MORE Church of England academies and multi-academy trusts (MATs) are likely to consider merging in 2018, especially where it makes geographical sense, as the squeeze on budgets become tighter. Not all these mergers will be between church MATs. So what issues do they face?
As in most mergers, a key issue will be one of the cultures of the merging organisations — for example, an MAT with top-down governance and another that gives academies more autonomy. The aim is for the parties to find enough in common to see that a merger would make a positive difference for the pupils and the finances of the new organisation.
The benefits of a merger need to be explained clearly to the pupils, staff, community, and diocese. If academies are located close to one another, it will be easier to share staff across sites, such as an executive head, a PE teacher, or a music teacher.
If there are academies in more than one diocese in the proposed new MAT, it will be necessary to protect the respective diocesan interests from the start. Another crucial issue is how much autonomy each MAT board of directors delegates to its academies. This needs to be properly recorded in a “scheme of delegation”, and discussed and agreed early on in any merger process.
The various stakeholders will bring different concerns to the table, and it is best to anticipate these before they arise. The Diocesan Board of Education and church trustees will be concerned that their influence over the academies will not be diminished in any merger. This might require legal protection at company and local governing-body level.
The Department for Education (DfE) will expect MATs to carry out a rigorous consultation process — not a box-ticking exercise, but one that truly engages. MATs must show that they have sought the views of all stakeholders in a “fair and open” process.
The local authorities involved will want to seek reassurance that any merger will not disrupt local pupil-place plans, and that educational standards at schools or colleges near by will not suffer.
During the process, the academies involved may uncover unexpected educational underachievement, especially where good or outstanding academies have not been inspected by Ofsted for some time. Similarly, a financial investigation may reveal significant budget deficits, solvency issues, unworkable governance arrangements, and costly employment issues. Any of these could stop a merger in its tracks.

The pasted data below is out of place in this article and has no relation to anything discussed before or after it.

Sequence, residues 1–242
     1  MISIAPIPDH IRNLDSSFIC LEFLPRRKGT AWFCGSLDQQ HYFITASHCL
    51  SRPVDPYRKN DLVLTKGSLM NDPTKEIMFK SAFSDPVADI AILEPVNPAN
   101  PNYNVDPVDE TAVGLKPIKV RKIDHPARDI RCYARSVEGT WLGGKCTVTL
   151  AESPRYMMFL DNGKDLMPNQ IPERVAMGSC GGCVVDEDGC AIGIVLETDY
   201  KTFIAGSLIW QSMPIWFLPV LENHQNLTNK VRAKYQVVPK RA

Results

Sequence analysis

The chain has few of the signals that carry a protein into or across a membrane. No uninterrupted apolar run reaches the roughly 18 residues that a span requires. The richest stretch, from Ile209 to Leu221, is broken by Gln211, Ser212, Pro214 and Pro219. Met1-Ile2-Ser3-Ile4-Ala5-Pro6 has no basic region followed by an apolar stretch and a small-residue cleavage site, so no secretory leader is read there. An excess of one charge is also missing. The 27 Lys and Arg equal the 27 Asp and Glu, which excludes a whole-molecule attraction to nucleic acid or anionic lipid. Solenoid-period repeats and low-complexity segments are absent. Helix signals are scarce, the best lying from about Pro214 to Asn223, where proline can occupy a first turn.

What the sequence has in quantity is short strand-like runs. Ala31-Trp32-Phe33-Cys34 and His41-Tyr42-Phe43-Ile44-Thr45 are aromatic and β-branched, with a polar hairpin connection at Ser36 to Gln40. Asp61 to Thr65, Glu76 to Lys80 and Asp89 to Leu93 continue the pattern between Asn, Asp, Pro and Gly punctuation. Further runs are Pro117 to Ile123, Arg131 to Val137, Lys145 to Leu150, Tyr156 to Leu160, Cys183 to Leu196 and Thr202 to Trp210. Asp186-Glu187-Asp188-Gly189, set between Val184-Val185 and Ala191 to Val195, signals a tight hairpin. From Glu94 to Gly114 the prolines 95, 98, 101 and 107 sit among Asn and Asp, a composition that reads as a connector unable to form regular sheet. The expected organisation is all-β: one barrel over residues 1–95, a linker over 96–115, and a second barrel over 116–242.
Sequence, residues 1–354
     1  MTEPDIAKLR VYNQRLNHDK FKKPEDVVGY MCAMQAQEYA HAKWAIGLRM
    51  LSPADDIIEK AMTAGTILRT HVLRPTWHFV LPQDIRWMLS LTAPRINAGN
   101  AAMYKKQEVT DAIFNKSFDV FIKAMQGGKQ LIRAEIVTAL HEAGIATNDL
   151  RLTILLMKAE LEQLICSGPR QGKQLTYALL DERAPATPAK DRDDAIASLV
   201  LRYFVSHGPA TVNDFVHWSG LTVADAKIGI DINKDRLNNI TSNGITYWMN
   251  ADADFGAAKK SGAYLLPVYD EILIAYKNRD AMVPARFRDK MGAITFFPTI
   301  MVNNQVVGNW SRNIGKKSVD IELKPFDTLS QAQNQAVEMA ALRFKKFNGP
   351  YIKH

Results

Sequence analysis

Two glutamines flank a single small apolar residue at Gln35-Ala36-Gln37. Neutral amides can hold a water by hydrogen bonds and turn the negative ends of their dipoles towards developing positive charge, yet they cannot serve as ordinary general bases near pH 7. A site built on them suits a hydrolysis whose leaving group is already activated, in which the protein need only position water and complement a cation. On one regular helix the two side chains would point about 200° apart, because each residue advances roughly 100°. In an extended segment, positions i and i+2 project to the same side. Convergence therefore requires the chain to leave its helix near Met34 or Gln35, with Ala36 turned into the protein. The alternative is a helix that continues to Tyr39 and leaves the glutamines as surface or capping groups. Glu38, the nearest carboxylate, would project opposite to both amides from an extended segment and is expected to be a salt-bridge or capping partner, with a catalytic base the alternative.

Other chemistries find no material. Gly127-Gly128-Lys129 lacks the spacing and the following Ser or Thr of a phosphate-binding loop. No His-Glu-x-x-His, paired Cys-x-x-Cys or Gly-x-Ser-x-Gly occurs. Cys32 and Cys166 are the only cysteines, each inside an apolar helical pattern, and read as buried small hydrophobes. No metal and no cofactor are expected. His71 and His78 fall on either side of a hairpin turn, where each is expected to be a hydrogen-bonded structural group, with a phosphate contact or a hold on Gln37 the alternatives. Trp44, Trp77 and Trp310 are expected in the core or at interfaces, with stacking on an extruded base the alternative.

In the case of a merger of two MATs, legal advisers will not normally recommend establishing a new company, as using one of the existing companies can save time and costs.
But any merger will inevitably involve a transfer of at least one of the existing MATs assets and undertakings and liabilities. This is likely to feel as if the academy conversion process is happening all over again. Where there is a change of employer, a Transfer of Undertakings (Protection of Employment) (TUPE) consultation has to take place; and where the company changes, there will need to be a transfer of the land documentation to the new company and approvals from the church land trustees.
A transfer of commercial contracts and Master and Supplemental Funding Agreements will need to be put in place. New schemes of delegation will also need to be negotiated and school policies drafted. There will be no DfE grant to pay for the costs of the merger; so the directors and governors will want to know who is to pay and how the costs are to be split between the parties.
There are added legal complications if a Private Finance Initiative (PFI) contract is being transferred, or there are different types of community and church academies in the new MAT.
The key to the process is making sure that the Diocesan Director of Education, Regional Schools Commissioner (RSC), and Education Funding Agency (EFA) are fully informed and are onside, so that any difficulties, especially financial ones, can be quickly identified.
The process can be daunting, but careful planning helps to identify whether a merger is really the right way to safeguard the viability and educational outcomes of church academies into the future.
Howard Dellar is head of the Education, Ecclesiastical and Charities Department at Lee Bolton Monier-Williams. He writes in a personal capacity.